MISSISSIPI'S ANNE FREEMAN SHARES "WHEN I'M A WRECK"
HER NEW ALBUM KEEP IT CLOSE IS OUT JUNE 25TH VIA MUSCLE BEACH RECORDS
"there’s an unmistakable Southern-laced twang to her music, adding new angles to the sounds of driving indie pop and the sweet jangle pop" -
Today we are thrilled to introduce you to Anne Freeman, an incredible singer-songwriter from Oxford, Mississippi. Her sound invokes comparisons to Alvvays and Camera Obscura, but is entirely her own. Yesterday, we teamed up with Under the Radar to share her gorgeous second single, "When I'm A Wreck", an incredible, moody slice of jangly pop about the pitfalls of getting lost in your own mind, and the people in your life who help pull you back. The song is a preview of a songwriter that captures millennial anxieties as deftly as she moves between power pop, heartland rock, and jangle pop.
Her previous single "City Watched Me Burn" comes paired with a video that finds Freeman and friends tearing it up at the now-closed down bowling alley in her hometown of Greenwood, MS - a perfect encapsulation of the songs bubbly energy. Written in the wake of one of those awful hangovers that makes you question everything, it's an anthemic resolution to push through the doubt, and what better way to do it than a night out on the town.
Her new album Keep It Close is out on June 25th via Muscle Beach Records.
"City Watched Me Burn" Official Music Video"
Anne Freeman began writing her upcoming album after a lifelong study of dive bar crowds.
Although her brand of southern-laced indie rock earned her a following in her home state of Mississippi, Freeman knew from an adolescence of sneaking into venues during her older brother’s set breaks that a great setlist requires variation. A constant rush of upbeat songs bleed together, but an entirely mellow set runs the risk of losing people around the bar, merch table, and smoker’s alley.
Keep It Close is far from just an exercise in crowd engagement, instead introducing a songwriter that captures millennial anxieties as deftly as she moves between power pop, heartland rock, and jangle pop.
Born in a small town in the Mississippi Delta to a large musical family, Freeman viewed playing guitar and working on songs as a sort of eventual destiny. With the guidance of her brother and ‘60s rock n’ roller of a father, Freeman eventually started playing out and moved to nearby Oxford to embed herself in the college town’s vibrant music scene. She eventually caught the attention of Oxford, MS-based label Muscle Beach (Kate Teague, Bass Drum of Death), who re-released her single “Days Go By” in 2020.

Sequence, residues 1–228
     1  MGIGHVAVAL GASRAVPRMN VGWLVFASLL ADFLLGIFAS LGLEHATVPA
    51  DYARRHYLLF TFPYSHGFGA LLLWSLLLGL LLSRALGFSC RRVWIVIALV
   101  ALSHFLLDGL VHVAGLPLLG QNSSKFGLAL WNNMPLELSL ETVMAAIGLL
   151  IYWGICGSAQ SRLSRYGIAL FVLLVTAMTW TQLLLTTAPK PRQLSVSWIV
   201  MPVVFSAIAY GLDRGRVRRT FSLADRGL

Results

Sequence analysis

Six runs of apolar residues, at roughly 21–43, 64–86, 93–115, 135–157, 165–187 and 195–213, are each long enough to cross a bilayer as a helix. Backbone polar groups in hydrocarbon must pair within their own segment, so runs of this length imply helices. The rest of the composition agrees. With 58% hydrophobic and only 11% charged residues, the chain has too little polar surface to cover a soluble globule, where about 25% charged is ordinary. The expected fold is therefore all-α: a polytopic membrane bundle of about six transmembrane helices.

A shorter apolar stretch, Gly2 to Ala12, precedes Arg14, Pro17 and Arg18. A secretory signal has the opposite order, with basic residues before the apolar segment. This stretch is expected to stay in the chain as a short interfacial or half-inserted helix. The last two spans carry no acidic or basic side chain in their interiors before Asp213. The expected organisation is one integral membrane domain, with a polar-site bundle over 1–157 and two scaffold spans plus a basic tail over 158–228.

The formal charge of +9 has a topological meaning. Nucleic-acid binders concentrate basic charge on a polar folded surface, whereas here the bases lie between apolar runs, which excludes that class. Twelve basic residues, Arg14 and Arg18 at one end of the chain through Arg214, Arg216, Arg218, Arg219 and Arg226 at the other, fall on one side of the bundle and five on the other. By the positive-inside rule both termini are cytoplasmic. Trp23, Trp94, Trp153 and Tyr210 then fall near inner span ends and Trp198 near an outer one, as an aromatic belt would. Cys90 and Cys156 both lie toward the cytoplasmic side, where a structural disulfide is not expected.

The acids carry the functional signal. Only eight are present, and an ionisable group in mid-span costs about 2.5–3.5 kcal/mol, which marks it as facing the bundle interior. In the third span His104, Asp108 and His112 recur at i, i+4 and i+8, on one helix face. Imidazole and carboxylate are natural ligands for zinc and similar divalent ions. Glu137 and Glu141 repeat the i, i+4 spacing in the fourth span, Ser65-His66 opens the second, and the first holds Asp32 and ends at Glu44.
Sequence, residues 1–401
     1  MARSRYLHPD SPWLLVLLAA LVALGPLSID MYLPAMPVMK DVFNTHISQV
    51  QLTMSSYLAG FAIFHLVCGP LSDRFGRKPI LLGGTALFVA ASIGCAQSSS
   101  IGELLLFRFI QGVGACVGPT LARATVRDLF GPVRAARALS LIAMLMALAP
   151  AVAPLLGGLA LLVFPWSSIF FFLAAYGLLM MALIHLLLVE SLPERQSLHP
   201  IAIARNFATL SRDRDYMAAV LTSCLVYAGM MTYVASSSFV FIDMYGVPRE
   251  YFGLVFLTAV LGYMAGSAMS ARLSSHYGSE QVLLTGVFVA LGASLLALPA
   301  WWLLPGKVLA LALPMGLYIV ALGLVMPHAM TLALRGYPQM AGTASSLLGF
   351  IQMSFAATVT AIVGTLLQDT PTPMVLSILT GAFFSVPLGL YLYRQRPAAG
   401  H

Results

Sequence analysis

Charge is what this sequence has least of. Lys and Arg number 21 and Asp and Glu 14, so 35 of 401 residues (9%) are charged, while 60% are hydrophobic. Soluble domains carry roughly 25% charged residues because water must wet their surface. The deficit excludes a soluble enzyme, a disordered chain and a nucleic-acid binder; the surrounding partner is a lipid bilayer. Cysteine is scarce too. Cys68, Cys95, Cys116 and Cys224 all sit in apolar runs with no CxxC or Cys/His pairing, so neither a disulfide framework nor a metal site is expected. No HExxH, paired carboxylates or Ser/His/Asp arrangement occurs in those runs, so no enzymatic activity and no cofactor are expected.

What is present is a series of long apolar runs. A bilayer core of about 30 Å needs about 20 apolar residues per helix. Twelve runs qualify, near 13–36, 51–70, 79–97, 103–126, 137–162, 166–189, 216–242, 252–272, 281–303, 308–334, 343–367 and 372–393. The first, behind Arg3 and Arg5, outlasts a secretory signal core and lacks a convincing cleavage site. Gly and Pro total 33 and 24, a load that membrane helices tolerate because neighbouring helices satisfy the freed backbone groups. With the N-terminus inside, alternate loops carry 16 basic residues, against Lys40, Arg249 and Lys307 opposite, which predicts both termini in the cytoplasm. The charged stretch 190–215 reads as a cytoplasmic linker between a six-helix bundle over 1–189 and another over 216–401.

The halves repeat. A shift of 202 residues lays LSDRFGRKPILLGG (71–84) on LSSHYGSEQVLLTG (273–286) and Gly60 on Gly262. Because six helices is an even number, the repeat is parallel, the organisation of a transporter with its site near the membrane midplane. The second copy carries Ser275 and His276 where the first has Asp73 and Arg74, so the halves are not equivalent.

For her full-length debut with Muscle Beach, Freeman knew she wanted to lean more into her knack for writing timeless power pop hooks, but without sacrificing the unpolished, live recording style that defined her earlier recordings. Still, even she couldn’t foresee Keep It Close would yield some of her most spontaneous, honest songs to date.
Close’s in-your-face opener “City Watched Me Burn” spilled out one hungover morning after a night out in Nashville worrying her peers had their lives more figured out than hers. The hook on “I’ve Got A Knife” was pulled from a calming mantra Freeman sang to herself one night on a walk home alone. By the time she got home, she had one of the most euphoric songs about self-defense tactics fully written, later recorded in a single take out of fear that the studio’s frozen pipes and gas heater would combust mid-session.
Even with a slightly frenzied behind-the-scenes process, Keep It Close acts as an assured survival guide to stumbling towards (and eventually finding) some stability as a twenty-something. Nowhere is this more felt than on “When I’m A Wreck,” Keep It Close’s centerpiece that tackles insecurities Freeman struggled with after getting married.
“I feel very vulnerable sharing what goes on in my mind sometimes,” Freeman adds. “Being lucky enough to have a person in my life that fully understands and loves me despite those inward struggles [is something] that I take for granted sometimes. I had to get over my fear of oversharing and write this one for my husband.”